BullGuard CEO Calls on the Security Industry and Device Manufacturers to Address the Growing Cyber Threat from Unprotected Smart Devices.
In the wake of Reaper, the latest IoT botnet, Paul Lipman, CEO of award winning consumer cybersecurity company, BullGuard, today urged the security industry and device manufacturers to address the growing threat from unprotected smart devices.
The call follows the discovery of the latest Internet of Things (IoT) botnet threat, known alternatively as Reaper or IoT Troop that has already enveloped smart devices on more than a million networks worldwide. Reaper uses actual software hacking techniques to break into devices – evolving beyond the October 2016 Mirai IoT botnet, which exploited weak or default passwords on impacted IP cameras and internet routers, and took down major websites across the U.S. including Twitter, Netflix and the New York Times. Reaper’s potential for major Distributed Denial of Service (DDOS) attacks that rapidly take down online services is enormous, and makes last year’s Mirai IoT botnet look like child’s play.
Paul Lipman, CEO of BullGuard, said:
“Reaper is a landmark evolution for hacked smart devices. Unlike Mirai it doesn’t rely on exploiting devices with simple default credentials, rather it exploits numerous vulnerabilities in different IoT devices. It uses sophisticated techniques to hack routers and various smart devices.”
“The industry must wake up and address this issue. Taking down websites may seem relatively innocuous, but Reaper has the potential to cause massive amounts of damage including crashing important online services. How long before we see organizations held to ransom or critical national infrastructure brought to a halt? These are very real and plausible scenarios, yet those responsible for security seem to have gone to sleep.”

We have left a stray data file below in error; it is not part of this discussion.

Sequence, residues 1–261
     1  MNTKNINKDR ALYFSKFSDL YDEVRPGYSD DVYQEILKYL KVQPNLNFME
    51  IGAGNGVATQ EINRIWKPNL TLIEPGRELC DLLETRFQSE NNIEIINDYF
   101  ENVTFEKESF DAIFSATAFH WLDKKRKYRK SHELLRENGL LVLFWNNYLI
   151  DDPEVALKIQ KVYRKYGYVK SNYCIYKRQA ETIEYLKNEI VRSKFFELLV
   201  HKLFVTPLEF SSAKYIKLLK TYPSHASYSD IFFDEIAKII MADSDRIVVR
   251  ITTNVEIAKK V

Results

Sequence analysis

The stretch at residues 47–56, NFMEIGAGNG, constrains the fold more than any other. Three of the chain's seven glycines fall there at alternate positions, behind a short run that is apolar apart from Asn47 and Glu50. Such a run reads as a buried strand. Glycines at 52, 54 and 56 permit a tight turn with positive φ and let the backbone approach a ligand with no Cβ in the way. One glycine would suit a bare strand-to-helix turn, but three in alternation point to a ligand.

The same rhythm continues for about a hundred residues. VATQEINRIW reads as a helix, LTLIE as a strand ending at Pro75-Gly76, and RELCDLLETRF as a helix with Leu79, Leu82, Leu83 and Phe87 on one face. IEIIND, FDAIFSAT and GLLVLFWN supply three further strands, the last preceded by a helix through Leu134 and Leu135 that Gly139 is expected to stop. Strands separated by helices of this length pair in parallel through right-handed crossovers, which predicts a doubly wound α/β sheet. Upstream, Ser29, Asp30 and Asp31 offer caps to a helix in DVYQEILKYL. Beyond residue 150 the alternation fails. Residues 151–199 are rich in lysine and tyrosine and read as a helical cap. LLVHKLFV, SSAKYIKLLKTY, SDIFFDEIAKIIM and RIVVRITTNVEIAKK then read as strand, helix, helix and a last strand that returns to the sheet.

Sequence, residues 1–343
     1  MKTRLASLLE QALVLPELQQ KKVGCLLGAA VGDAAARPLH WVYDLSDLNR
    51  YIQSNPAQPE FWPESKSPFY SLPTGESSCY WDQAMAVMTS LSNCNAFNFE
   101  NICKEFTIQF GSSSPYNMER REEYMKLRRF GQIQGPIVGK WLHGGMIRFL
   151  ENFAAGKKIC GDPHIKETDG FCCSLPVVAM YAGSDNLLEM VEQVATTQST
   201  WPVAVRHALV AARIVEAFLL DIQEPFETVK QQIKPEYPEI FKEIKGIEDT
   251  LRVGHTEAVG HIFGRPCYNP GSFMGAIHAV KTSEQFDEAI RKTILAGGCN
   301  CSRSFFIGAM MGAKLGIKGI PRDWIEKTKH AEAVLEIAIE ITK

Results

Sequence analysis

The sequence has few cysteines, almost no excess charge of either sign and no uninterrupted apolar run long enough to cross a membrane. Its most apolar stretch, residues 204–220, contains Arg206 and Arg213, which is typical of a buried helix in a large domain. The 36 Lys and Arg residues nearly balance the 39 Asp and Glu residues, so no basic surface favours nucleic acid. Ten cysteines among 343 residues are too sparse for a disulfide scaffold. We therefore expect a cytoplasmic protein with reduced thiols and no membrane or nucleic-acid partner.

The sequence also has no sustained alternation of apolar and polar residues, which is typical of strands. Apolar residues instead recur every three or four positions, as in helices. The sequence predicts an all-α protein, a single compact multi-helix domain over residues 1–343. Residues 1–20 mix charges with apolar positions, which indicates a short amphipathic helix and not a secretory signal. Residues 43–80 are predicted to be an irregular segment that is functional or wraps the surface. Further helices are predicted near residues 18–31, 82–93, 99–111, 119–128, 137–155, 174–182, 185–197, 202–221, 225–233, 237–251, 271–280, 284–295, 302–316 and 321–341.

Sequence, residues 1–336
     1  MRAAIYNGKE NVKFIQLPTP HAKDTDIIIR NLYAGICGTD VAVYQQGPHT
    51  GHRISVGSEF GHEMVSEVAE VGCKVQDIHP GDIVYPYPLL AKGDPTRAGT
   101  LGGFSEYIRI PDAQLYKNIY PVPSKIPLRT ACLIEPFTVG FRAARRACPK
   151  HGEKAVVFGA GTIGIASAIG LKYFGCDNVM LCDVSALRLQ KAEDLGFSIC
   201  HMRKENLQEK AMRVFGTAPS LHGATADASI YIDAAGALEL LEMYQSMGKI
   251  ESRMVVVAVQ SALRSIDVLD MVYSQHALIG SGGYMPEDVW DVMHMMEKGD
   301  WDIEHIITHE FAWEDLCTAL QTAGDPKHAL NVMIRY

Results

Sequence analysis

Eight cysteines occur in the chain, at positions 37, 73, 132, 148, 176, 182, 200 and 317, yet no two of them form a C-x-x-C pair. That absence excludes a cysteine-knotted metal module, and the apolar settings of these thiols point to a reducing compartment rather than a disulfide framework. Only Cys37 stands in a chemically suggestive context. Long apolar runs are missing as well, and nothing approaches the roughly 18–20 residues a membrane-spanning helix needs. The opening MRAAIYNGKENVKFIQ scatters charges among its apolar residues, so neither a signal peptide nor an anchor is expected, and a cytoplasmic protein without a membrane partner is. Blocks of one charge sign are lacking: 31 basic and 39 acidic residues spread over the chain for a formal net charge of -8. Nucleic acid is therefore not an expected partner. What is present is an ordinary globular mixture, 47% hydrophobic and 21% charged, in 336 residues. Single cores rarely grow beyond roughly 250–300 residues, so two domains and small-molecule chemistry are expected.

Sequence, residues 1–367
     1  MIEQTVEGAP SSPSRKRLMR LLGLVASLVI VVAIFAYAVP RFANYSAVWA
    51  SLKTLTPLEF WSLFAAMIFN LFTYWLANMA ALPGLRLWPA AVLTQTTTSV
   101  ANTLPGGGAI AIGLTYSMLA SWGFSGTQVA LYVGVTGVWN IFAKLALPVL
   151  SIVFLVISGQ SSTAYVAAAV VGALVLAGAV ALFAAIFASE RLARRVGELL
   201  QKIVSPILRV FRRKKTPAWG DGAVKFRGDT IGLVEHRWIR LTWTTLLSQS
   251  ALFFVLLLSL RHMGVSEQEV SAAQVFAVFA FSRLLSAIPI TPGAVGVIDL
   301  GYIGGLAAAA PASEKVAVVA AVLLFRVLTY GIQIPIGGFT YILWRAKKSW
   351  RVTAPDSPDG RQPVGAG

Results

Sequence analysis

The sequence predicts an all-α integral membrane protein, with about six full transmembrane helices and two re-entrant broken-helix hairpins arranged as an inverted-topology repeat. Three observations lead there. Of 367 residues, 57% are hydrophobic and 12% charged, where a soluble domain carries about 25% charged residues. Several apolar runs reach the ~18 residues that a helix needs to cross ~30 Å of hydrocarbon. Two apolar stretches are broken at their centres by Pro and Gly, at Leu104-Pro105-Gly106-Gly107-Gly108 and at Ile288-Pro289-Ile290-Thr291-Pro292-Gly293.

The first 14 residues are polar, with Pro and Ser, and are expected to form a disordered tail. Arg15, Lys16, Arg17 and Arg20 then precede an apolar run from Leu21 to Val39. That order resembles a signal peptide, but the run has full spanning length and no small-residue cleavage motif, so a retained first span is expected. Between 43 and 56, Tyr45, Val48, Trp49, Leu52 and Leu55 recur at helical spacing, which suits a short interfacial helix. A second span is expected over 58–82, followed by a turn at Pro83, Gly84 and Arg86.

378 Million Devices Potentially Vulnerable to Hacking in 2017.
The scale of poor IoT device security was recently revealed by an analysis of BullGuard’s IoT Scanner, a tool that scans home networks searching for vulnerabilities. Approximately 310,000 users accessed the BullGuard IoT Scanner to scan their network for vulnerabilities. The scan analysis revealed that 4.5 percent, or nearly 14,000 devices, could be easily hacked. Industry analysts at Garner forecast that 8.4 billion connected things will be in use worldwide in 2017, and will reach 20.4 billion by 2020. Extrapolating BullGuard’s IoT Scanner results means 378 million devices are potentially vulnerable to hacking now, growing to more than 900 million potentially susceptible devices by 2020.
According to a recent consumer study conducted by BullGuard, 66 percent of Americans and 55 percent of Brits stated the number one thing that would prevent them from buying more IoT connected devices are security concerns. “The widespread adoption of IoT has brought with it tremendous convenience, but consumers are starting to have high expectations about the responsibility device manufacturers should bear to ensure their connected gadgets are secure from cyberattacks,” added Lipman. “Robust multi-layered protection needs to be adopted at a wider level in society if we don’t want to see globally coordinated IoT cyberattacks that could be potentially calamitous.”